Sunday, 2 October 2011

Lettuce and peas with preserved lemon

After a carb-heavy week in which I consumed not one but two cheese fondues (and recycled the leftovers of my own homemade one into a rarebit for the next day's breakfast) plus potatoes and much bread, I craved something light for supper. And with the unexpected early autumn heatwave hitting 28C in my city, a summer recipe was on the cards.

I'm not wildly keen on lettuce in its natural state - too many bad memories of the native English sort, all green and floppy and tasteless to start with then going soggy the minute dressing is applied - although I do enjoy a Caesar salad if the dressing is not too heavy and I'm very partial to frisée aux lardons, the recipe for which came from Parisian Boy.

I do like cooked lettuce though - the secret is to braise it gently until it's just wilted - and it goes spectacularly well with peas. Versions of lettuce with peas can be found all around southern Europe, each bringing out the essential sweetness of the main ingredients and many involving a generous dollop of double cream in the sauce. I find this too heavy for my liking, so I use half-fat crème fraîche instead for lightness and I like to add a note of tartness with preserved lemon.


What you need: 
A small onion, chopped
1 Little Gem lettuce, rinsed, drained and quartered
A mugful of frozen peas (or fresh if in season)
100ml of hot vegetable stock (a teaspoon of Marigold vegetable bouillon is enough for this quantity)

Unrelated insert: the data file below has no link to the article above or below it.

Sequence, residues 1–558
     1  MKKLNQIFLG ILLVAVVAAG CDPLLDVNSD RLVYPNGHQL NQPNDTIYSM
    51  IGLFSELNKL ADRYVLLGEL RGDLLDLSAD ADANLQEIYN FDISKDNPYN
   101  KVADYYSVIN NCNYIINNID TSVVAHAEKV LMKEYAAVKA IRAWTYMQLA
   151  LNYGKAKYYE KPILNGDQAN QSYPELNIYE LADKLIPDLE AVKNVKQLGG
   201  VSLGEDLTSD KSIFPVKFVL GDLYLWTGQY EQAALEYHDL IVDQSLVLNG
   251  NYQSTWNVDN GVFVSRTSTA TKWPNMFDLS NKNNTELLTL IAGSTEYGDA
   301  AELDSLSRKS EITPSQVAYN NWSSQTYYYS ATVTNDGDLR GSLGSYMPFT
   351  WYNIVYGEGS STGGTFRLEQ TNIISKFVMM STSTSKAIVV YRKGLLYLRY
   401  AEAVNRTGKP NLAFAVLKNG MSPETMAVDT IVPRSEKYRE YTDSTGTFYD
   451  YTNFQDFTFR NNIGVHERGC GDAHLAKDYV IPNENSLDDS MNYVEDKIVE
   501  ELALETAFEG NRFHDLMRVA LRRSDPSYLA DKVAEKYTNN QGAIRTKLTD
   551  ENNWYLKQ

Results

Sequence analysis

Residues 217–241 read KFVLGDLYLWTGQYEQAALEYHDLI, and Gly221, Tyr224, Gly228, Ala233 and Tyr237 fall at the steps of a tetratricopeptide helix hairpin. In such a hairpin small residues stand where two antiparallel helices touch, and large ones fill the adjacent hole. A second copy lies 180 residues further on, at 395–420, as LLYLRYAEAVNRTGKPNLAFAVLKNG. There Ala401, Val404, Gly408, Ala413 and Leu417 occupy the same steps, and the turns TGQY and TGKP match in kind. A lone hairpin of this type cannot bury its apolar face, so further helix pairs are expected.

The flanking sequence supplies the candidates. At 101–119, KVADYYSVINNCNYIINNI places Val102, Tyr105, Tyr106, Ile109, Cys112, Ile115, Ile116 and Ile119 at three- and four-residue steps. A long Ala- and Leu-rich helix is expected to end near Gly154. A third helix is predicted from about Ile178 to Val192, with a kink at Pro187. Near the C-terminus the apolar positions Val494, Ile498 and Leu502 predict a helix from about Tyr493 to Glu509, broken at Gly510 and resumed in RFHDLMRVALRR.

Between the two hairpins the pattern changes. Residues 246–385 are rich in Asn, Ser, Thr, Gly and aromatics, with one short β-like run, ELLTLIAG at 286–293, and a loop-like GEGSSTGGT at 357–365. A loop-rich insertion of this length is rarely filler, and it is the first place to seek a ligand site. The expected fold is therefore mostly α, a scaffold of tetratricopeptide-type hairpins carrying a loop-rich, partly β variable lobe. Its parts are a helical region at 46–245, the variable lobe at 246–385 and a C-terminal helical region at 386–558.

A generous spoonful of half-fat crème fraîche
Black pepper to season
1 preserved lemon
6 or 7 capers, rinsed (optional)
Small handful of chopped flatleaf parsley (optional)

What to do:
Make up the stock and heat some olive oil in a heavy sauteuse. Sauté the onion over a moderate heat until it turns translucent. Add the quartered lettuce and fry gently for a minute or two, turning it to wilt on all sides. Pour in the stock, add the peas and a good grinding of black pepper, then turn the heat down so it's only just simmering. Leave for 10 minutes.


Meanwhile, halve the preserved lemon and pick out any pips, then slice very thinly. Purists say you should remove the flesh and only use the skin but I love the salty sourness of preserved lemon so much I use all of it. I also like to throw in a few capers, again for the tartness - give them a quick rinse under the tap if using (they are an acquired taste) to get rid of the brine. Add to the pan then stir in the crème fraîche. Serve immediately, sprinkled with the chopped parsley if using.


Cook's tips:
You can buy preserved lemons in most big supermarkets - Belazu and Al'Fez are the two main brands. You can also order them online from specialist websites that stock exotic ingredients, if you can't find them in a deli.

Little Gem really is the best salad leaf for this. Don't use anything bitter, like raddichio or endive, as it doesn't lend itself well to be cooked this way and the end taste is too sour. Iceberg is utterly tasteless, cooked or raw, and will bring nothing to the dish. Cos/Romaine, lamb's leaf and Batavia all work well - you'll only need only 3-4 large leaves of the Cos or Batavia, just shred them roughly before adding to the pan.